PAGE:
At the peak of the Japanese harvest, Makoto Koike’s mother spends around eight hours a day sorting cucumbers from the family farm into different categories—a dull, time-consuming task that her son . Although Makoto wasn’t a machine learning expert, he started playing around with , Google’s popular open-source machine learning framework, and developed a deep learning model that could sort cucumbers by size, shape and other attributes. The system isn’t perfect (it has an accuracy rate of around 75 percent). But it’s a sign of how AI could soon transform even the smallest family-run business.
Giants like Google, Amazon, Microsoft, Apple, and Facebook are, of course, well-aware of this transformative power. Deep learning underpins Amazon’s recommendation system, Google’s search and translation tools, and Microsoft’s Cortana personal assistant, as well many other widely used applications and services. Most Fortune 500 companies also have dedicated AI teams in place. But the big beasts’ interest in AI has drained the pool of data scientists, which leaves most smaller and medium enterprises in the same boat as Makoto: eager to explore how AI can improve their business, but short on expertise.
Even those enterprises that can afford to hire top AI experts still need to prepare huge data sets, and spend considerable sums on computing power to analyze them and teach their neural network to recognize certain patterns or objects. However, the big cloud providers are conscious of these issues—and they believe they’ve found a way to help people overcome them.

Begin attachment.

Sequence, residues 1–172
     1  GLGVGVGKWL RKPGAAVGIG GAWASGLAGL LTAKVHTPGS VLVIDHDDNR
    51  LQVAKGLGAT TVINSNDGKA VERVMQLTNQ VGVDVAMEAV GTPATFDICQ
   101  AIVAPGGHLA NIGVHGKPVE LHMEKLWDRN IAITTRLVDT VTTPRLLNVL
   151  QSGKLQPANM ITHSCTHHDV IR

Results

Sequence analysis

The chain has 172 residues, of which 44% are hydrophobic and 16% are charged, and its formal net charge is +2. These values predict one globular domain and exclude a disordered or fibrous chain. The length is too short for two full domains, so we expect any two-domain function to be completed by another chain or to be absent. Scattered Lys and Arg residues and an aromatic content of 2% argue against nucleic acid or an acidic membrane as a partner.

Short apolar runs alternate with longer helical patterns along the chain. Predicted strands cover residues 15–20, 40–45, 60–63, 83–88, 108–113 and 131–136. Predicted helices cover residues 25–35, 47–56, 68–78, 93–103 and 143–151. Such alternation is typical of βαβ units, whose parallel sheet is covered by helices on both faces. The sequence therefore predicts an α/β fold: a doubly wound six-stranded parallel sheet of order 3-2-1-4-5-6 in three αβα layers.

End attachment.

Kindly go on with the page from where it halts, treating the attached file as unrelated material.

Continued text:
Machine learning as a service, or cloud AI, is now a major component of cloud platforms like Amazon Web Services (AWS), Microsoft Azure, Google Cloud, and IBM Cloud. Essentially these companies are offering to do the grunt work involved in adding AI to business applications by providing their customers with access to pretrained deep learning models—for image recognition, say—as well as tools that simplify the process of building, training and deploying customized models on the cloud.
“There are tools for data scientists who know how to code; there are tools for software developers that may not know how to properly tune algorithms, but who can build apps if you give them an API to code against; and finally there are tools for clickers, who basically relate through GUIs, which covers the vast majority of people in the world,” says Chris Nicholson, CEO of Skymind, a provider of deep learning tools for the enterprise.